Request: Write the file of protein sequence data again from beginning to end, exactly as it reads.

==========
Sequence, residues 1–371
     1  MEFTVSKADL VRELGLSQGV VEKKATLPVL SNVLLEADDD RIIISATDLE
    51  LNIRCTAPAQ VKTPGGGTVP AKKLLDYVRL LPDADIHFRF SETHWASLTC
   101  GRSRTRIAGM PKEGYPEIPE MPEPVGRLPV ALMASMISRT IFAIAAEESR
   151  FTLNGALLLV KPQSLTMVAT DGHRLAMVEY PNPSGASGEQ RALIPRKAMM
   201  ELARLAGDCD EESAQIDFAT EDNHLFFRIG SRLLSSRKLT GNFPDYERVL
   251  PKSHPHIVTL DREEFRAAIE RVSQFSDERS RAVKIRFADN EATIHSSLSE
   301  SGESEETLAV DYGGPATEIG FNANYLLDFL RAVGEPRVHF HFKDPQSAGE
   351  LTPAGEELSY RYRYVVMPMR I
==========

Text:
Sequence, residues 1–371
     1  MEFTVSKADL VRELGLSQGV VEKKATLPVL SNVLLEADDD RIIISATDLE
    51  LNIRCTAPAQ VKTPGGGTVP AKKLLDYVRL LPDADIHFRF SETHWASLTC
   101  GRSRTRIAGM PKEGYPEIPE MPEPVGRLPV ALMASMISRT IFAIAAEESR
   151  FTLNGALLLV KPQSLTMVAT DGHRLAMVEY PNPSGASGEQ RALIPRKAMM
   201  ELARLAGDCD EESAQIDFAT EDNHLFFRIG SRLLSSRKLT GNFPDYERVL
   251  PKSHPHIVTL DREEFRAAIE RVSQFSDERS RAVKIRFADN EATIHSSLSE
   301  SGESEETLAV DYGGPATEIG FNANYLLDFL RAVGEPRVHF HFKDPQSAGE
   351  LTPAGEELSY RYRYVVMPMR I